with erythema migrans, the pathognomonic cutaneous lesion of Lyme borreliosis, and examined
23
in vitro cultures of biopsies from the active edge of the erythematous patch. Sixteen biopsies
yielded spirochetes after prolonged incubations of up to 10.5 months, suggesting that Borrelia
burgdorferi may be very slow to divide in certain situations. Some patients with Lyme
borreliosis may require more than the currently recommended two to three week course of
antibiotic therapy to eradicate strains of the spirochete which grow slowly.
17: Infect Immun. 1991 Feb;59,2:671-8. Intracellular localization of Borrelia burgdorferi within
human endothelial cells. Ma Y, Sturrock A, Weis JJ.
Department of Pathology, University of Utah School of Medicine, Salt Lake City 84132.
The later stages of infection by the Lyme disease pathogen, Borrelia burgdorferi, are
characterized by the persistence of the organism in individuals possessing a strong
anti-Borrelia immune response. This suggests that the organism is sequestered in a tissue
protected from the immune system of the host or there is a reservoir of the organism residing
within the cells of the host. In this report, the ability of B. burgdorferi to gain entrance into
human umbilical vein endothelial cells was explored as a model for invasion. Incubation of B.
burgdorferi with human umbilical vein endothelial cells at ratios ranging from 200:1 to 5,000:1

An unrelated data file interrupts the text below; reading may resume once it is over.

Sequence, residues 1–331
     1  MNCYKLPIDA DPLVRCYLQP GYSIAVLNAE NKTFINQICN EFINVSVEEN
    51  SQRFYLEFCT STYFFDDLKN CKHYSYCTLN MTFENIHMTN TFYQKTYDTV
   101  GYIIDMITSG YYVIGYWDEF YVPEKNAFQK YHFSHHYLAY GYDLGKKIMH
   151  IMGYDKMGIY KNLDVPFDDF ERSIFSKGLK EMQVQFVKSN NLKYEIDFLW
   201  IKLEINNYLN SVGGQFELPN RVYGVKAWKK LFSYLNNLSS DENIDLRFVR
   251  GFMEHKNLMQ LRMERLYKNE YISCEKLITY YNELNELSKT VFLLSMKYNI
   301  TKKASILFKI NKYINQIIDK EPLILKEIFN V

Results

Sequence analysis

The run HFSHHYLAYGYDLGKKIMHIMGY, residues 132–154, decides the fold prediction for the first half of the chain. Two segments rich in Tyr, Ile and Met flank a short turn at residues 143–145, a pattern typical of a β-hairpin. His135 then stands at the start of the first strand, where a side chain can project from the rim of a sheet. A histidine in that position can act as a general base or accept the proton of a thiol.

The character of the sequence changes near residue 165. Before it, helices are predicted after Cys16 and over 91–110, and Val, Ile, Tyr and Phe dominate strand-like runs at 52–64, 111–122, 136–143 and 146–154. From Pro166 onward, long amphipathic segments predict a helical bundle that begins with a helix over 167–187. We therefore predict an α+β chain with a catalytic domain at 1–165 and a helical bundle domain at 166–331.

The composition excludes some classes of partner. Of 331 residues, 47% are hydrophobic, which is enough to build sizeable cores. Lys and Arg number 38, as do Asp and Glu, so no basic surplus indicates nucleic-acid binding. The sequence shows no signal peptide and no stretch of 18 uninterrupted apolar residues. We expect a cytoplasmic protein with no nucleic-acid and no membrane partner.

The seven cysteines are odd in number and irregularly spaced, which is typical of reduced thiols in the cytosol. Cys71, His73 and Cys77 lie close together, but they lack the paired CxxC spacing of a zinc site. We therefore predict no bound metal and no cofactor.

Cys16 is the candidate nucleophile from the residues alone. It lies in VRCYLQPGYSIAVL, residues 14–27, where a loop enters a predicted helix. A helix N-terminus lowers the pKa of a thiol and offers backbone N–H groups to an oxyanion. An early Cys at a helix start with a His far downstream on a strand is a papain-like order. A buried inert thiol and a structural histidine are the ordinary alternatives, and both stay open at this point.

resulted in the intracellular localization of 10 to 25% of B. burgdorferi in 24 h. The intracellular
location of the spirochetes was demonstrated by the incorporation of radiolabeled B. burgdorferi
into a trypsin-resistant compartment and was confirmed by double-immunofluorescence staining
which differentiated intracellular from extracellular organisms. Actin-containing microfilaments
were required for the intracellular localization, indica ting that the host cell participates in the
internalization process. Activation of endothelial cells by agents known to increase the expression
of several adhesion molecules had no effect on the interaction of B. burgdorferi with the
endothelial monolayer. This indicates that the endothelial receptor for B. burgdorferi is
constitutively expressed and that internalization is not dependent upon adhesion molecules
whose expression is induced by inflammatory mediators. The demonstration of B. burgdorferi
within endothelial cells suggest that intracellular localization may be a potential mechanism by
which the organism escapes from the immune response of the host and may contribute to
persistence of the organism during the later stages of Lyme disease.
18: 1991: Journal of Infectious Diseases, Feb;163,2:311-8 Randomized comparison of
ceftriaxone and cefotaxime in Lyme neuroborreliosis. Pfister HW, Preac-Mursic V, Wilske B,
Schielke E, SÃrgel F, Einhäupl KM.
Neurological Department, Klinikum Grosshadern, University of Munich, Federal Republic of
Germany.
24
In this prospective, randomized, open trial, 33 patients with Lyme neuroborreliosis were
assigned to a 10-day treatment with either ceftriaxone, 2 g intravenously, iv, every 24 h, n = 17,
or cefotaxime, 2 g iv every 8 h, n = 16. Of the 33 patients, 30 were eligible for analysis of
therapeutic efficacy. Neurologic symptoms improved or even subsided in 14 patients of the
cefotaxime group and in 12 patients of the ceftriaxone group during the treatment period. At
follow-up examinations after a mean of 8.1 months, 17 of 2 7 patients examined were clinically
asymptomatic. In one patient Borrelia burgdorferi was isolated from the cerebrospinal fluid, CSF,
7.5 months after ceftriaxone therapy. CSF antibiotic concentrations were above the MIC 90 level
for B. burgdorferi in nearly all patients examined. Patients with Lyme neuroborreliosis may
benefit from a 10-day treatment with ceftriaxone or cefotaxime.However, as 10 patients were